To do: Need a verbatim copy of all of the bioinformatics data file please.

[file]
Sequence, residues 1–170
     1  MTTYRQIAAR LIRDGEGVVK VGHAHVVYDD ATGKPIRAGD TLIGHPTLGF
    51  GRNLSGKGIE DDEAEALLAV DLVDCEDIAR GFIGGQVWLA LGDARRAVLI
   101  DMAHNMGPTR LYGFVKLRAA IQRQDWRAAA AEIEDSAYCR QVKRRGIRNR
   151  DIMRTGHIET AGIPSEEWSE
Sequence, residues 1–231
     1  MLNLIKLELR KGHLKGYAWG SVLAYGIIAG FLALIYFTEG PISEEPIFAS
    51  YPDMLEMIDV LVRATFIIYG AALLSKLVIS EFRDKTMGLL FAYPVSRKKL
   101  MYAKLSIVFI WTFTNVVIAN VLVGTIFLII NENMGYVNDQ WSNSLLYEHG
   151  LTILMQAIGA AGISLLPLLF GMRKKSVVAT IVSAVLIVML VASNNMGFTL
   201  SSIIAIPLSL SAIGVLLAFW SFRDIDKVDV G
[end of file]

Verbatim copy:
Sequence, residues 1–170
     1  MTTYRQIAAR LIRDGEGVVK VGHAHVVYDD ATGKPIRAGD TLIGHPTLGF
    51  GRNLSGKGIE DDEAEALLAV DLVDCEDIAR GFIGGQVWLA LGDARRAVLI
   101  DMAHNMGPTR LYGFVKLRAA IQRQDWRAAA AEIEDSAYCR QVKRRGIRNR
   151  DIMRTGHIET AGIPSEEWSE
Sequence, residues 1–231
     1  MLNLIKLELR KGHLKGYAWG SVLAYGIIAG FLALIYFTEG PISEEPIFAS
    51  YPDMLEMIDV LVRATFIIYG AALLSKLVIS EFRDKTMGLL FAYPVSRKKL
   101  MYAKLSIVFI WTFTNVVIAN VLVGTIFLII NENMGYVNDQ WSNSLLYEHG
   151  LTILMQAIGA AGISLLPLLF GMRKKSVVAT IVSAVLIVML VASNNMGFTL
   201  SSIIAIPLSL SAIGVLLAFW SFRDIDKVDV G